With the eager help of the Council of American Islamic Relations (CAIR) and others, the liberal media have warned of and bemoaned an anti-Muslim backlash since 9-11. Unfortunately for them, the evidence never bore that out.
Now they think the wait is finally over, and they're hitting the anti-Islam hate meme with gusto. Case in point: the front page of the Washington Post's Metro section on Aug. 27. "Hostility across U.S. jars young Muslims," read the headline.
Author Tara Bahrampour focused on Muslim students at local D.C.-area colleges and their reaction to the "swelling hostility that many of these students had scarcely known was there ..."
Evidence of "swelling hostility?
For weeks, their faith had been under attack by some opponents of a proposed Islamic center near Ground Zero. Every time they turned on the TV, there were new reports of anti-Muslim sentiment: mosque construction being opposed hundreds of miles from Ground Zero; a Florida pastor vowing to burn copies of the Koran to mark the anniversary of Sept. 11; a poll showing that 43 percent of Americans hold unfavorable views of Muslims. And just this week, a Muslim cabbie was stabbed in New York.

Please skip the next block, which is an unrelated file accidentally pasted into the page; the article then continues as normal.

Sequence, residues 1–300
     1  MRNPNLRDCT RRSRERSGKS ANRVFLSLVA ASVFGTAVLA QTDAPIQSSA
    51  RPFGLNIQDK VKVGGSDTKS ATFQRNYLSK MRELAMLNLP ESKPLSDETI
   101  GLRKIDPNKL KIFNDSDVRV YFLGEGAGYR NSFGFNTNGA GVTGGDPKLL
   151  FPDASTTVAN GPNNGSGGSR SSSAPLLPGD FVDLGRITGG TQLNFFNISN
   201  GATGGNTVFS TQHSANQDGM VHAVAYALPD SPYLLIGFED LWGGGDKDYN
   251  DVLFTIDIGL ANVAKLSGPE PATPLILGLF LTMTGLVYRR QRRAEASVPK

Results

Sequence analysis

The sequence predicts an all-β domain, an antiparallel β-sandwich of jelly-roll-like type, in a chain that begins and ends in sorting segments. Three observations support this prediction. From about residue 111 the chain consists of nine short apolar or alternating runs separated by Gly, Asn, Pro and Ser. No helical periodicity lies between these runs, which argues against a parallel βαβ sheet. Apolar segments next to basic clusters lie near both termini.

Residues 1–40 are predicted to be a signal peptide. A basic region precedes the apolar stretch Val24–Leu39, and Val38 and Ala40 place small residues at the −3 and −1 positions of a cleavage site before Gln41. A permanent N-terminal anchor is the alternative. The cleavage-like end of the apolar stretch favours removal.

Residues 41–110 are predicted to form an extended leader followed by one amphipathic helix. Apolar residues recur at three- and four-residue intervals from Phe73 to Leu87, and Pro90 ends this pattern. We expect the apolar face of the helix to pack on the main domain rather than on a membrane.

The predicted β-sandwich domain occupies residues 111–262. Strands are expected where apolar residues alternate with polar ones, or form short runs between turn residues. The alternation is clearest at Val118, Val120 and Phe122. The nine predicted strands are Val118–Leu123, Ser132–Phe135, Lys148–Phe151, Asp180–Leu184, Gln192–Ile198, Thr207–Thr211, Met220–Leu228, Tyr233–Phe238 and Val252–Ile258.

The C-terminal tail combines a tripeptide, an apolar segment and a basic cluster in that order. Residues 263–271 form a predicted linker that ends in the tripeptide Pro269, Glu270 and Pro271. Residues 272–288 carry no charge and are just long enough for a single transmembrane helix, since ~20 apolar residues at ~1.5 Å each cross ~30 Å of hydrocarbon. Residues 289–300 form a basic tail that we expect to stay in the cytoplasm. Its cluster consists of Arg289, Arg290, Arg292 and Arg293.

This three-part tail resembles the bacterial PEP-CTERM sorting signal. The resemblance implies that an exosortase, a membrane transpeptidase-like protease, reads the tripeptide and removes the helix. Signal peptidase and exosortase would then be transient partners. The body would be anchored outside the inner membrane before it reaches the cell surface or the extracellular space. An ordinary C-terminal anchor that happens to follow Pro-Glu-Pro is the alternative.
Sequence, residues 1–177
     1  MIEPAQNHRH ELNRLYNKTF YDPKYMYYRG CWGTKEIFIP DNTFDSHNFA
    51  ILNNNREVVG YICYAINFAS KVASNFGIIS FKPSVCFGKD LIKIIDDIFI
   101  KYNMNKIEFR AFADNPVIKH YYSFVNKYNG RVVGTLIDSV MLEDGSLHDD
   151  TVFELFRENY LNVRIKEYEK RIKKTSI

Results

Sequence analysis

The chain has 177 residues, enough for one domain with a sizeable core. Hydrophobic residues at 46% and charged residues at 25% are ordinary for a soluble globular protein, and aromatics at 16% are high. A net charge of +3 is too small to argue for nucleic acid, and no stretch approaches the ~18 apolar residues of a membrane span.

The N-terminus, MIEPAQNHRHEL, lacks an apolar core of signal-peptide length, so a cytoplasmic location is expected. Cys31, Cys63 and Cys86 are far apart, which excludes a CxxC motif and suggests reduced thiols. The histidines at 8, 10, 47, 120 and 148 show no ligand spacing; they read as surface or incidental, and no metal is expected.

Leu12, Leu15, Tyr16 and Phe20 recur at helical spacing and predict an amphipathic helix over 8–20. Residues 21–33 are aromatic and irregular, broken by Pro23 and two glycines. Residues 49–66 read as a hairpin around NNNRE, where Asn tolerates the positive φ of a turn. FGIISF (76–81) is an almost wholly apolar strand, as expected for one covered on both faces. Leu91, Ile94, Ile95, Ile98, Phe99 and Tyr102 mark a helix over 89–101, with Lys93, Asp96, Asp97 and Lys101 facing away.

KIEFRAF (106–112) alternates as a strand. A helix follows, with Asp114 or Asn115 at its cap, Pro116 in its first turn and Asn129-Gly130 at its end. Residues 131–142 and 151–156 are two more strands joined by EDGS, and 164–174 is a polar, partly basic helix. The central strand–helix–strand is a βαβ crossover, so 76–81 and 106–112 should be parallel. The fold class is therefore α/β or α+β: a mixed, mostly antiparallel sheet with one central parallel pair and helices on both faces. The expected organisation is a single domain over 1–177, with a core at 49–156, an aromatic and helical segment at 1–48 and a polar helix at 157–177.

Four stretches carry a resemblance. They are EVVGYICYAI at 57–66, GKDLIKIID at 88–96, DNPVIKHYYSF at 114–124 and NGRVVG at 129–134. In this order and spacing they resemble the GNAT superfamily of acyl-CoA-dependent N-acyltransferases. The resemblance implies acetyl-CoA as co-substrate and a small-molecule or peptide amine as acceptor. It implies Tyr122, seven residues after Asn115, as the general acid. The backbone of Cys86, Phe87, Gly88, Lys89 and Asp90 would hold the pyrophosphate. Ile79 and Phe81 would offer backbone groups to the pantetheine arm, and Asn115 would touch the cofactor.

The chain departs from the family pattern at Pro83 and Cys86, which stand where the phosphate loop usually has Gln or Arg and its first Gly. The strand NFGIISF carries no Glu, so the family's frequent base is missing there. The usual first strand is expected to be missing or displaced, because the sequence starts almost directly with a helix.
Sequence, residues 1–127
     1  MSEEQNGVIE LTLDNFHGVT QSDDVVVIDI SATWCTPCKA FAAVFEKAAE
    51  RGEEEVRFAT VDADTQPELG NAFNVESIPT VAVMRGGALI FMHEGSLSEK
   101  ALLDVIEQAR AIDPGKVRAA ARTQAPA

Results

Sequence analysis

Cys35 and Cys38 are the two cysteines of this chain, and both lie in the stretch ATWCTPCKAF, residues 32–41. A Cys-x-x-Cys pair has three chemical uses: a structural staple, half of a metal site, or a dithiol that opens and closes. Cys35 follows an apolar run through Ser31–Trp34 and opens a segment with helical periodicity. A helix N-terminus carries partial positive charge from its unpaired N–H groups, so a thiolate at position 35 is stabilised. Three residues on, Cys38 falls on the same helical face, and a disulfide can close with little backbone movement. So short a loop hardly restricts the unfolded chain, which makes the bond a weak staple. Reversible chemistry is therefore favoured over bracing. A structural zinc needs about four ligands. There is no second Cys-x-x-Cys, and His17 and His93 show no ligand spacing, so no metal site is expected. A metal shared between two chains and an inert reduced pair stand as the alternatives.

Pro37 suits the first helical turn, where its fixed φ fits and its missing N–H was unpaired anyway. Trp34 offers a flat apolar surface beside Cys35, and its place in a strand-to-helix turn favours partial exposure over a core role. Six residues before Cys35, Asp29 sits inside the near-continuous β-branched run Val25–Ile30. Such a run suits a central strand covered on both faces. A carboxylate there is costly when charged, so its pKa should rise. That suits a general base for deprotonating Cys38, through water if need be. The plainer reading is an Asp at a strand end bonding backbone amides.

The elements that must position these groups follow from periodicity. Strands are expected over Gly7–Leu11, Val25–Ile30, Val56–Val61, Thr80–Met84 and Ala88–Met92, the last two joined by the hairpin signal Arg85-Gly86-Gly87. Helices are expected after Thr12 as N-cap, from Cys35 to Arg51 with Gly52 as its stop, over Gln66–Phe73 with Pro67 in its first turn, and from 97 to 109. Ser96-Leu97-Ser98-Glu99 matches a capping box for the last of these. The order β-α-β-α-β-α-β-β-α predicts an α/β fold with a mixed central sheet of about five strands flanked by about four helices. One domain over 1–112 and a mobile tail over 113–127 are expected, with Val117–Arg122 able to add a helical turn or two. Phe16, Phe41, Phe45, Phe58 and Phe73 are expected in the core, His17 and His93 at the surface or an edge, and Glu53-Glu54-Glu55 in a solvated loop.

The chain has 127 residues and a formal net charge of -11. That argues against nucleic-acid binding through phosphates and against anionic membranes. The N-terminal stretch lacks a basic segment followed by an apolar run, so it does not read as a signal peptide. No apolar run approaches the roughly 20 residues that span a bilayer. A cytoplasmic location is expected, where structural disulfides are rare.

Certainly, there are unfortunate incidents that all Americans should condemn, and voices that should be ignored. But they hardly constitute a Mulsim-targeted kristallnacht. To the frustration of the media, the Muslim cabbie who was stabbed opposed the mosque, and his attacker - no right winger - worked for an organization that supports it.
Yet Bahrampour and the sources she quoted escalated perceived slights and differences of opinion into "a civil rights issue." She used the isolated incident of a Muslim teenager becoming upset about the ravings of a lone individual on the subway to suggest that mosque opposition will create "homegrown terrorism."
"That anger, youth leaders and terrorism experts warn, could push some young Muslims into the arms of such extremists as U.S.-born cleric Anwar al-Aulaqi," she wrote. In his recruiting efforts, Aulaqi often portrays Islam as being under attack by the West." (Interestingly, Bahrampour failed to note that al-Aulaqi was once celebrated by her newspaper as a moderate "Muslim leader who could help build bridges between Islam and the West," and even had him host a web Q & A on its site.)
She quoted Georgetown University's Yahya Hendi, a Muslim chaplain. "The most vociferous mosque opponents ‘do not know what they are doing ... They are radicalizing people.'"
Once again, the onus is on Americans, not on those who could be turned to terror by public disagreements, perceived insults and isolated acts of violence.